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  • The Toll of Our Modern World

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  • And for Seinfeld Fans...

  • Are You Making These Retirement Saving Mistakes?


  • And for Seinfeld Fans...

    Just as real as fruitcake is the celebration of Festivus. Made popular by the
    TV sitcom Seinfeld in 1997, this holiday is the brainchild of screenwriter
    Dan O’Keefe, who based the famous episode of the show on his own family’s
    practices. It is explained as being a nonreligious and noncommercialized
    celebration. The four main elements of Festivus are:


    The Festivus pole. That’s right. Not a decorated tree or a tree of
    any kind, just a pole mounted on a stand stuck in a corner. Quite
    practical once you realize the pole could make for a crude coat rack
    in the event you receive more guests than expected on this day.


    The airing of grievances. The festivities begin with a brief, lighthearted
    griping session with participation from those in attendance.
    Once all the negativity has been purged, it’s time to move on to the
    next order of business.


    The dinner. Meatloaf was served during the TV sitcom meal, but
    the Festivus meal can be anything from spaghetti, to sandwiches, to
    chili, soup, rack of lamb, ham, or whatever you want it to be.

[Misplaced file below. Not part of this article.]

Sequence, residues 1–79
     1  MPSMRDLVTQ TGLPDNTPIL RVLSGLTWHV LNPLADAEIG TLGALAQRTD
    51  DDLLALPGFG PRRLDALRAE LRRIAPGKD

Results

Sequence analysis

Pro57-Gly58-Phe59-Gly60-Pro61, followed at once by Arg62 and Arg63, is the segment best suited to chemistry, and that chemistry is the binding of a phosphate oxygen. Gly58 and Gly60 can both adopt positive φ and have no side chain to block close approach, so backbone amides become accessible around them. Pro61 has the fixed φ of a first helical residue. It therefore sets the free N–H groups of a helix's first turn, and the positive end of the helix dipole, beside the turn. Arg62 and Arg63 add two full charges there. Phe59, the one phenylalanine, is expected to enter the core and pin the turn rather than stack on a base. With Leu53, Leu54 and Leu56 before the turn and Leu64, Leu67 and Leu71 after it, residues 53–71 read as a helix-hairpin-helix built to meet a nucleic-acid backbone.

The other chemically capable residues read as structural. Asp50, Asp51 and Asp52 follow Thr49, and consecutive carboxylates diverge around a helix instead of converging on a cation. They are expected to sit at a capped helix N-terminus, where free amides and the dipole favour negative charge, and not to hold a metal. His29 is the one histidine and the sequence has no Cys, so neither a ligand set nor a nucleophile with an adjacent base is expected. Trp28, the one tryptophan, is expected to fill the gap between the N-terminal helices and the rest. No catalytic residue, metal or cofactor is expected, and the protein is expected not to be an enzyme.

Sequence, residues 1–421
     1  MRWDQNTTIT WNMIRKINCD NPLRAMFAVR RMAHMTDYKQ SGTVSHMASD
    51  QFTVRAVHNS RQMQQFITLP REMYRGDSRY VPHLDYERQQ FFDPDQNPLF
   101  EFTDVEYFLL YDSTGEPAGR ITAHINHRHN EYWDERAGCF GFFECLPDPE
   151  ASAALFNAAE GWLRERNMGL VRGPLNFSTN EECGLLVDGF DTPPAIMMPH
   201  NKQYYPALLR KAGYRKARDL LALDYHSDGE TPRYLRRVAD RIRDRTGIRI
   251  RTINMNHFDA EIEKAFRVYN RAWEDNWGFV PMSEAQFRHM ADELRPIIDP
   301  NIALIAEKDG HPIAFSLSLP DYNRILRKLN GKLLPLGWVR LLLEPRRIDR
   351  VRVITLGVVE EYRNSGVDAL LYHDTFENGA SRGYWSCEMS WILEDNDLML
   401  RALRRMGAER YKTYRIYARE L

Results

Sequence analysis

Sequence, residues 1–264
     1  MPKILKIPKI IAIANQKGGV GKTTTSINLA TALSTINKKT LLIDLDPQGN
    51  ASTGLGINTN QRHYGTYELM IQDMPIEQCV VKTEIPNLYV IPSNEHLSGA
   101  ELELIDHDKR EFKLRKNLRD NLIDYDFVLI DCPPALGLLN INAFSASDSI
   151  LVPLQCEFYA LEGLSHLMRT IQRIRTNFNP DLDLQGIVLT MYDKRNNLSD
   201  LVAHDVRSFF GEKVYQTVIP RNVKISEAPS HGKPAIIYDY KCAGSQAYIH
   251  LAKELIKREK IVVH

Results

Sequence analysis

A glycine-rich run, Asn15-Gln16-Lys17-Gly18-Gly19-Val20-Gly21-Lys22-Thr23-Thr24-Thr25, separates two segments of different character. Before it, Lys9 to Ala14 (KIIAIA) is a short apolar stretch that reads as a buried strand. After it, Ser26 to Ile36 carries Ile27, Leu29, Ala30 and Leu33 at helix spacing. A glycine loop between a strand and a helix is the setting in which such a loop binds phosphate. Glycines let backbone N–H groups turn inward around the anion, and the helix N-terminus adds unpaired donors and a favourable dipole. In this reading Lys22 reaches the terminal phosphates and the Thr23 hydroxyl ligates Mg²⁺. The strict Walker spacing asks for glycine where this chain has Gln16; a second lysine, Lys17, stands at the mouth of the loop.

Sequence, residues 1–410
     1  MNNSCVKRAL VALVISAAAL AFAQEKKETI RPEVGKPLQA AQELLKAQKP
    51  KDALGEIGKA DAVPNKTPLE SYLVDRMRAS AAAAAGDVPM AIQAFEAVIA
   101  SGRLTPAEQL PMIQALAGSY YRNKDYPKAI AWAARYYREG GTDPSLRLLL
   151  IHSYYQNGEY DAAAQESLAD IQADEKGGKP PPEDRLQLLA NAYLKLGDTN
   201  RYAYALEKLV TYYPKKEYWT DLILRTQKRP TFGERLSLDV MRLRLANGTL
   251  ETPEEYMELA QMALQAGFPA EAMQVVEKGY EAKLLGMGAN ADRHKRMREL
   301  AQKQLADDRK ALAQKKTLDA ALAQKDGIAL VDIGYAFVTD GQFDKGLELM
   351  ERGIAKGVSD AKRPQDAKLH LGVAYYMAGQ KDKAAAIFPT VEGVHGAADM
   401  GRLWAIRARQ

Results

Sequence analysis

Dinnertime should be relaxed and fun.
    The O’Keefe table was always adorned with chocolates, candies
    and knickknacks. The children were encouraged to make sculptures
    out of clay that were later judged by their mother. Everyone wore a
    silly hat. Dessert can be pecan pie or a yellow cake with chocolate
    frosting decorated with M&M’s, or any simple sweet treat that you
    have on hand.


    The feats of strength. This element can take place after the airing
    of grievances or after dinner. Keep in mind this is supposed to be
    fun, yet competitive, and afford some bragging rights to the winner.
    Consider a game of darts, checkers, cards, Pictionary, something all
    in attendance can enjoy. Festivus is celebrated on Dec. 23, leaving
    plenty of time to beg for an invitation to Christmas Eve or
    Christmas dinner should you feel the pull for something more.


    Dennis Bridges | 12/06/2017